It was a great idea of theatre lovers in Lucknow to celebrate the 100th birth anniversary of Razia Sajjad Zaheer on 8 March, International Women's Day with Meri Maa ke Haath, written and acted by Nadira Zaheer Babbar, her third daughter out of four.

Born in February 1917, Razia had spent more than two decades of her life in the city ever since she came here as the 21 year old bride of Lucknow born Sajjad Zaheer, Communist Party activist and Urdu writer and critic. She taught at Lucknow's Karamat Hussain Girls College and brought up three of her daughters on her own as her husband languished in a jail in Pakistan till 1956. Her first novel published in 1953 was written in the city. Bitter sweet memories of the childhood spent in Lucknow made Nadira visibly emotional as she took a standing ovation at the end of a most magical solo performance hosted by Dastak, a local organisation.

It was an emotional moment for me as well. For I was fortunate to spend some years with Razia when my parents lived in a home opposite to hers in New Delhi's Hauz Khas neighbourhood. Those were years when children like us were at our irresponsible best. All we wanted to do in life was to play hide and seek.

Despite many similar playful ambitions I could not help being awestruck by the life led by Razia. Indeed she was at her creative best in the wee hours of the morning as mentioned in Meri Ma ke Haath. My undying memory of Razia is of her in bed propped up by pillows and covered in a fluffy quilt in the thick of a winter morning. A coal angheeti was lit and parked by her bedside that always had the day's lunch cooking on it. I remember watching Razia writing furiously one minute and stirring the pot of the delicious broth in the next. And when she went into thought, she would take a puff from a cigarette.

What a sight of a woman that was that makes me smile to this day.

Nadira's play is precious as it gives us many unknown details about Razia's life as mother, wife and daughter in law. For Razia is not as well known as some other writers perhaps because she wrote in Urdu, a language published and read by less people. Although Razia won many awards for her novels that revolve mainly around women. As a writer she had concerned herself with the life of ordinary Muslim women and the many social and emotional pressures faced by those who are hardly able to express their pain and sorrow even to this day.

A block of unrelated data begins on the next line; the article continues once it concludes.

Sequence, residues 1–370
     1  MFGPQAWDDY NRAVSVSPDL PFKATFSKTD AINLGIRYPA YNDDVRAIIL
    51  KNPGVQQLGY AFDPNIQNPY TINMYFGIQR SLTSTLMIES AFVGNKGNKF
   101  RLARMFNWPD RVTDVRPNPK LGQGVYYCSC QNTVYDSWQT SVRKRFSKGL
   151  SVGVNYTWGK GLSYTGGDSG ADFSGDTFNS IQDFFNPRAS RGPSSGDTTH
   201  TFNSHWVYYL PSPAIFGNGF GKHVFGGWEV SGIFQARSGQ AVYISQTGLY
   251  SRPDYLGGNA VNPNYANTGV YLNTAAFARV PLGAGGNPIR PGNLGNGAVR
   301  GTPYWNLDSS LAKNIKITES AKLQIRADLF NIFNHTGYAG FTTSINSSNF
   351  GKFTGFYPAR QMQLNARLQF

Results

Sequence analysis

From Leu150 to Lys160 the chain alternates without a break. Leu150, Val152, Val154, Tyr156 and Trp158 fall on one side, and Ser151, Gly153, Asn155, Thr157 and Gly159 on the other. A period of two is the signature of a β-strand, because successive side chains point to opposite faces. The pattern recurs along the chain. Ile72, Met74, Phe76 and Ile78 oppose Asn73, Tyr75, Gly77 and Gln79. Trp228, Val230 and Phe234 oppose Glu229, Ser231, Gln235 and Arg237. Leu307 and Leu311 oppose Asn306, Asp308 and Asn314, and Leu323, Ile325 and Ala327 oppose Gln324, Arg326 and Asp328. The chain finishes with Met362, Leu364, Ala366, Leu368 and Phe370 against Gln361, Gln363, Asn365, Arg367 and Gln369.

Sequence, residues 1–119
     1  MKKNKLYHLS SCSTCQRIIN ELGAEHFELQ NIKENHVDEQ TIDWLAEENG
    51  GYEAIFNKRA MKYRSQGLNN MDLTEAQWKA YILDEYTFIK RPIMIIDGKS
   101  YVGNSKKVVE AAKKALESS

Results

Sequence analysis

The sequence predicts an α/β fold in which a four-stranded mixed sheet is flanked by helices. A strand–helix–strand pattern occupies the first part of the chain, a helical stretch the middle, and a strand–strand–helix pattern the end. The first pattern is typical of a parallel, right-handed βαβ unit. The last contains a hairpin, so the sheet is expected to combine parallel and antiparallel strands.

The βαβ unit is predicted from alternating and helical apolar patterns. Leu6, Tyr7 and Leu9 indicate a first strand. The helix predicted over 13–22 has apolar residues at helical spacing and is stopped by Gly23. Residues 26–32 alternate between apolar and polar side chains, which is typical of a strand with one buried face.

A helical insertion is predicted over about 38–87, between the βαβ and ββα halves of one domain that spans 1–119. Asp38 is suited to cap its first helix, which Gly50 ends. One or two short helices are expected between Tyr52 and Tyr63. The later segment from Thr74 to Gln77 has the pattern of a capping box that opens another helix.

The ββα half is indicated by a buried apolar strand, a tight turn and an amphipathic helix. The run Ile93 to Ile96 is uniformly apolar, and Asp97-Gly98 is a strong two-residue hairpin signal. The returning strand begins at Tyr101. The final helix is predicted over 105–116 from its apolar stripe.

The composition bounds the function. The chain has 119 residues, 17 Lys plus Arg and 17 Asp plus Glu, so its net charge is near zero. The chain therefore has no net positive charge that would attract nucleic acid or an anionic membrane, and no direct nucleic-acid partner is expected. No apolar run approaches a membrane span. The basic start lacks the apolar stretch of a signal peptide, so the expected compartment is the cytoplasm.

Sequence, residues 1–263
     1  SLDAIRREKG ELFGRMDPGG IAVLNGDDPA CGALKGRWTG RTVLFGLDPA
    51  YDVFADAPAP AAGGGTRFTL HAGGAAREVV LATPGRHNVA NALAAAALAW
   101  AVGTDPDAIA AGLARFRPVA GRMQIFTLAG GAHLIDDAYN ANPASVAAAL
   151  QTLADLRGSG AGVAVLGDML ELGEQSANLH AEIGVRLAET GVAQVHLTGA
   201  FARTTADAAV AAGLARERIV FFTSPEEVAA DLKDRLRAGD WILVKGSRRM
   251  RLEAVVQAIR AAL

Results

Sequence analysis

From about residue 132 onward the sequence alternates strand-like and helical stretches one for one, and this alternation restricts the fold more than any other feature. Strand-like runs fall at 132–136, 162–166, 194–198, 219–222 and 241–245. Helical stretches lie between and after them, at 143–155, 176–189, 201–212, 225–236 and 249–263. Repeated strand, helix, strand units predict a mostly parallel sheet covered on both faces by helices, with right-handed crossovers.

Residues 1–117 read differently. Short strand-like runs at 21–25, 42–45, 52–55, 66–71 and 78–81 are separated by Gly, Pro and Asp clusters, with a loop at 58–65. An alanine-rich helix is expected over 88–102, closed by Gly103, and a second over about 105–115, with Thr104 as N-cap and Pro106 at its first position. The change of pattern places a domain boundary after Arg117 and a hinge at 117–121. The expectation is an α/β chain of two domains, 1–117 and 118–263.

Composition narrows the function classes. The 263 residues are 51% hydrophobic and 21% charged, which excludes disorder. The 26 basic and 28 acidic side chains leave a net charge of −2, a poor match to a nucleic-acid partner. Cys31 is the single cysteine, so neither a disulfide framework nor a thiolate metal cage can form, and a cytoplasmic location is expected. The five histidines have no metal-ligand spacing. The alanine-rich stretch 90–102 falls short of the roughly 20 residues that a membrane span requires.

The play tells us that it was her father who encouraged in Razia a life long love for books and writing. This is not surprising as he was the principal of the Islamia High School in Ajmer and the education of youth was of utmost importance to him. Razia was already a graduate when she married and was later encouraged by her husband to study for a masters degree at the Allahabad University. She had published short stories as a teenager under the pseudonym Dilshad.

This was something almost natural to do at a time when writing in Urdu was at its revolutionary best. The newly formed Progressive Writers Association (PWA) had attracted the most creative Urdu poets and writers who met in Lucknow in 1936 at a conference chaired by Munshi Prem Chand. The PWA was a great pillar of support to the freedom struggle of Indians against the British.

But even before the PWA, Tahzib-un-Niswan, Urdu’s first weekly was launched in Lahore way back in 1898 with Muhammadi Begum as editor. Published by her husband, Mumtaz Ali, Muhammadi Begum wrote short stories and some novels. This female editor had encouraged Muslim men to revisit their own views on women’s rights and invited both women and men to write for her paper on similar issues.

Apart from Muhammadi Begum’s articles on education, household management, advice to the daughter in-law on how to get along with the mother-in-law and why girls should learn English, there were political features on self rule and comments on international events such as the First World War. Nazar Sajjad Hyder, mother of Qurratulain Hyder one of Urdu literature’s most loved writers was there appealing in 1921 to readers to give up using foreign cloth in exchange for khaddar.

Khatun, a monthly women’s magazine was published from Aligarh till 1914, followed by Ismat, published from Delhi in 1908. The support that Razia received from her husband in the 1940s was only in keeping with the times when progressive men were inspired to take a serious look at women’s issues with the PWA movement encouraging all writers to talk about subjects ranging from rights to sex to politics.

There was Mahmud uz Zafar whose letter appeared in the The Leader published from Allahabad in 1933 in protest of the ban on Angaarey, a collection of short stories by four authors, including Sajjad Zaheer, Ahmed Ali, Rashid Jahan and himself. In fact it was the ban on Angaarey that had led to the founding of the All India Progressive Writers Association.

This was the largest literary movement in South Asia against censorship by religious conservatives. Now available in an English translation Angaaray has five stories by Sajjad Zaheer writing on the adverse effect on the mind of human beings when they are made to feel guilty over their desire for sex.

The great stage performance on the life of Razia, has led to another desire to also witness a sequel perhaps on the work of this author. About the circumstances and situations that made this great writer put into print the novels and short stories that she did. Will Nadira do the honours once again please?